Fighting Depression When You Have A Chronic Illness

by AHB on September 1

in allopathy,symptoms,treatments

by ryan at three word phrase

During one period of difficulty- highly fatigued, close to bedridden, experiencing lots of heart palpitations, and of course, fainting -I was at a church function. I was crying in frustration and from exhaustion. Eyes brimmed with tears which fell when I blinked. A woman who knew, vaguely, about my syncope asked what was wrong. I very briefly shared the difficulties of that week, she replied, “I would much rather have a heart problem than depression.” Dumbfounded, I just sat there while she went on to say something about depression making it hard to even get out bed in the morning. Too shocked and exhausted to actually retort with the pain her words and ignorance caused I mumbled something about being lucky I could get out of bed (that day). The sting in that remark is, as yet, unabated.

What is the big deal about depression? Why do we hear so much about it? What does it matter to those of us with a chronic illness?

The big deal is simply this: as much as 75% of individuals who commit suicide are suffering from major depression. Depression is also the leading cause of disability worldwide. All studies done show that depression is always higher among the chronically unwell than in the general population. Depression among the chronically ill nearly always results in an increase in medical costs and a decrease in following medical protocols. In other words, depression costs a lot: in human life, in grief, in tax monies, in personal monies, in drug use, in lost childhoods, in lost futures, in scars, in time, in measures of happiness.

Of all the challenges depression adds to a person with a chronic illness one of the most ironic is that the most effective treatment (by far) is exercise. Back to my story up top, my well-meaning, if ignorant, conversant’s primary argument was that depression is so bad because it makes it difficult to get up in the morning. While I can’t speak for other chronic illnesses I can unequivocally say that neurocardiogenic syncope makes it difficult to get up in the morning. Increased severity affects getting up morning, noon, night. It can, literally, rob you of the ability to stand on your own two feet, let alone roll out of bed.

Earlier this summer I was diagnosed with depression. My syncope symptoms had been getting worse and I was between Ayurveda doctors, however, I can safely say that my syncope is not the direct reason I became depressed. It was a marital issue compounded by the stress of over ten months of constant travel, most of it internationally. Having grown up with multiple family members who suffered from depression I vowed to do all within my power to prevent it. Whenever it seemed I might succumb I followed a regimen designed to counteract depression: increase exposure to sunlight, eliminate white sugar from diet, journal about emotions, take leisurely walks daily. However, this time my ability to implement these self-help measures (an ability called resilience) had been severely compromised by the long bout of high stress. Adding insult to injury, when I made the effort to perform at least some exercise (knowing its high ability to fight depression) I experienced exertion headaches which have yet to go away. Then my syncope got worse.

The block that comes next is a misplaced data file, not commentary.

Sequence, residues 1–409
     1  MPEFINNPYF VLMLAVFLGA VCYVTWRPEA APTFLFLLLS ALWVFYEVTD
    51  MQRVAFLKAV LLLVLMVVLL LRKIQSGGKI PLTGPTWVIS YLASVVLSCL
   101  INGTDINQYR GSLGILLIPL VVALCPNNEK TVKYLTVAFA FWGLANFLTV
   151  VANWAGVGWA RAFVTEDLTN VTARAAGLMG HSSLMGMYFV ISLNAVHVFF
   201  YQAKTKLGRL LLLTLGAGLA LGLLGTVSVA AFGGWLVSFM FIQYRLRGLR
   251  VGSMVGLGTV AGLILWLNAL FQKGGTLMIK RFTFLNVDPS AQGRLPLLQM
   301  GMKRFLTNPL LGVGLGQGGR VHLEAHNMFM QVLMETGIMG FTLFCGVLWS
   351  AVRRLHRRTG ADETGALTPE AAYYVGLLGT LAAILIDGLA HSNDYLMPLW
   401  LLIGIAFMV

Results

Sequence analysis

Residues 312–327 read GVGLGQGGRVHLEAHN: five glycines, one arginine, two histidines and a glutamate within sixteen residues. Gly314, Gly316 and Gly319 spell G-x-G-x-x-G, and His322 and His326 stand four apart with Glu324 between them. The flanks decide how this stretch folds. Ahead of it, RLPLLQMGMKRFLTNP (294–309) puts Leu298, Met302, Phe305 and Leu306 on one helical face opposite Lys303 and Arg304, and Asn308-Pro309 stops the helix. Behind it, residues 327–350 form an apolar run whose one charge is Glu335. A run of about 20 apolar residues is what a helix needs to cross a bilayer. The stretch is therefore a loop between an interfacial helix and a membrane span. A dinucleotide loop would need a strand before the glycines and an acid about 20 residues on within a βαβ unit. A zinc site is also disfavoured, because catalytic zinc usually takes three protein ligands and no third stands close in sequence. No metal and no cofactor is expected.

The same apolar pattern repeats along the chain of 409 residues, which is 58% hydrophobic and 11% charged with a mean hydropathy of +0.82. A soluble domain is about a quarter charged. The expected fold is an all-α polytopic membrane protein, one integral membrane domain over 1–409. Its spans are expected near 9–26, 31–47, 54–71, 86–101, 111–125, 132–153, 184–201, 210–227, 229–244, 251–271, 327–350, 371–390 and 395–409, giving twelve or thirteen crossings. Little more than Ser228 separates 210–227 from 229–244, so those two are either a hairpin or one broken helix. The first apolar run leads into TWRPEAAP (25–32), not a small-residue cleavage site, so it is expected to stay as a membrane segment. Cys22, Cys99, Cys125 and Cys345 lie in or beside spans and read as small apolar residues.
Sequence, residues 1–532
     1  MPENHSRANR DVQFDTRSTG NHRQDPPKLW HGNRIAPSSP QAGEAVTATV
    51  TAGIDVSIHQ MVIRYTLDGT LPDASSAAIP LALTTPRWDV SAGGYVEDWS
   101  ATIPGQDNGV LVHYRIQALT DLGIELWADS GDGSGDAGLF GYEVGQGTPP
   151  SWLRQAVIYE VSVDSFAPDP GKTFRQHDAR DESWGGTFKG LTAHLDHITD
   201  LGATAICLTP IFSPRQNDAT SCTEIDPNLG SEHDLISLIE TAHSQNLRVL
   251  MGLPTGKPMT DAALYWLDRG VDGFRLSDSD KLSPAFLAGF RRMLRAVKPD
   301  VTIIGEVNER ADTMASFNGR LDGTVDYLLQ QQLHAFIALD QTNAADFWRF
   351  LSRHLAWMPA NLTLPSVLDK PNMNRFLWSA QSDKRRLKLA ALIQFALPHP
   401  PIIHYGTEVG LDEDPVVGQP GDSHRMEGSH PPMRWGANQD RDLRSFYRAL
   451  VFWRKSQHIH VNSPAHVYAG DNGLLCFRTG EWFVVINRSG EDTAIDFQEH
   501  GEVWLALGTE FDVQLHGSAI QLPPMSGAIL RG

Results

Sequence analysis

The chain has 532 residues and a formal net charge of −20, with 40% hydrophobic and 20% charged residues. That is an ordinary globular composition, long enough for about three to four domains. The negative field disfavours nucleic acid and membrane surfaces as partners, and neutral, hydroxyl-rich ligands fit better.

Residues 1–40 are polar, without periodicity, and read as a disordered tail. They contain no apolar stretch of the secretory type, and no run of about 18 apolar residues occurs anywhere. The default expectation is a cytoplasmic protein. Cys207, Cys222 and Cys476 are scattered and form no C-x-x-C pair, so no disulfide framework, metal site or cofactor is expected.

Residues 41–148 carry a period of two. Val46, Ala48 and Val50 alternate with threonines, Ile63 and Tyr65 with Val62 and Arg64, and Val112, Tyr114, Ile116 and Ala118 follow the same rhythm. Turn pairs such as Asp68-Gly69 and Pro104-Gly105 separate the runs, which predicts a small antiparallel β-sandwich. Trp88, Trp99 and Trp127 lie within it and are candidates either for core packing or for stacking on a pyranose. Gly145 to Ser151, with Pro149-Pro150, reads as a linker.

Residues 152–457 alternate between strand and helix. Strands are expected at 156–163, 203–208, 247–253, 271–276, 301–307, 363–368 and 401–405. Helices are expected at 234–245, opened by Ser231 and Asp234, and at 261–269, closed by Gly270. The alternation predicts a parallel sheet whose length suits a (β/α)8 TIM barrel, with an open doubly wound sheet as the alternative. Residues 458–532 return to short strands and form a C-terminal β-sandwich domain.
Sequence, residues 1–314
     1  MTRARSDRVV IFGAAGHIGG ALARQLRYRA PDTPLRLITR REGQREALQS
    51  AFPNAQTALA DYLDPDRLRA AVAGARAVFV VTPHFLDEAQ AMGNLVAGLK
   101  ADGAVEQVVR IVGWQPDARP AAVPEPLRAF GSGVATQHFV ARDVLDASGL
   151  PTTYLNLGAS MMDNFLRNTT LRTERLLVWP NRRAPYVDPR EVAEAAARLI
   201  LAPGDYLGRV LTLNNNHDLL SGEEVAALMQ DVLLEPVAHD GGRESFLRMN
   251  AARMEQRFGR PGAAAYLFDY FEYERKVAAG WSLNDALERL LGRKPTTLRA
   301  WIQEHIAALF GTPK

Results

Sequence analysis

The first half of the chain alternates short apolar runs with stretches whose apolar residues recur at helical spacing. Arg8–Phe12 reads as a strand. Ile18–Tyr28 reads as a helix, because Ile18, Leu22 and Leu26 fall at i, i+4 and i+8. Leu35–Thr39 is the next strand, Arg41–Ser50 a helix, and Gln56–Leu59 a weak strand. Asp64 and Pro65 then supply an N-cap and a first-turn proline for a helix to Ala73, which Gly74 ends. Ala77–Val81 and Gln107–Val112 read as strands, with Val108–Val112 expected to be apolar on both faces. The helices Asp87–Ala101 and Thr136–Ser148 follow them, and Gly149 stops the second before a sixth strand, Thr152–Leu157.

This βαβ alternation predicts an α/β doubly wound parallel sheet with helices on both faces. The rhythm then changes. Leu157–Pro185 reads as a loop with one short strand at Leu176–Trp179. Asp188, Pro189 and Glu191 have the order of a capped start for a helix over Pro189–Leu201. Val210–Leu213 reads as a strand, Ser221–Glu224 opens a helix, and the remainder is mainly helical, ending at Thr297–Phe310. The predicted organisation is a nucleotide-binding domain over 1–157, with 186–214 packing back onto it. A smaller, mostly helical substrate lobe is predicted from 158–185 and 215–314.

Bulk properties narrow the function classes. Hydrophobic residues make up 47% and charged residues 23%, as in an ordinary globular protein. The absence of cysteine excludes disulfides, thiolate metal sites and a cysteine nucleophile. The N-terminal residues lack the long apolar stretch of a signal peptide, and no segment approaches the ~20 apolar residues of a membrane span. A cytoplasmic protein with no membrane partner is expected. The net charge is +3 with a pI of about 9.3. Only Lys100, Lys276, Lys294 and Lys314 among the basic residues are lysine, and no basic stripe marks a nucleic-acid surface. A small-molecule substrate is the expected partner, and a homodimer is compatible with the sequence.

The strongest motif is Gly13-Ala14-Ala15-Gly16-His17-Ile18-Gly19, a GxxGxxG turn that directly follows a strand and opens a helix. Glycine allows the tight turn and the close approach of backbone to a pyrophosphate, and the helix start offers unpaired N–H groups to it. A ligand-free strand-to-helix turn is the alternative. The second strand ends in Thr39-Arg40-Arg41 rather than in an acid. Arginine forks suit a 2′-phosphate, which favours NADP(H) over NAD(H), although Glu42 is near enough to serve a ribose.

So, when you’re bed bound with chronic illness, how, on earth, do you combat depression?

For me, the best thing was to admit the need for help. I have worked for years on not being the [girl] who cried wolf. This is new for me though. I have never been depressed like this. I need help. You likely need help. Help can come in many forms:

The great big annoyance of depression is that, frankly, I have bigger fish to fry! I have a career waiting in the wings. A family to interact with. A house to put in order. Friends to hang out with. And a freaking chronic illness to manage. Yet, if I lose this fight, I lose the war. At least this annoyance indicates a sign of overcoming depression. It is apathy that kills. Rage can be channelled into useful assistance.

Besides, apparently as little as 50% compliance in treatments has been shown to result in positive health outcomes.

Here’s hoping.


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{ 1 comment }

Petula September 16, 2015 at 2:32 am

I enjoyed reading your post because I can see myself in your words. I can feel the pain and I definitely feel the depression. It’s a constant battling of treading water when I can’t swim. It pushes down on my chest and draws me in. That comic is so appropriate… I hate that my depression can take attention away from the other parts of me that are sick and in need of attention. But I still fight because, like you, there are things I need to put my attention to. Things that bring me happiness. Right now my happiness lies with my children and, in particular, my adult daughter who has been the sunshine of my life since the day she was born.

I’m a little jealous of your friends that came by, I don’t get that result when I reach out and share what I’m going through. It’s unfortunate, but it is what it is, I guess.

I hope to day is a good day for you.

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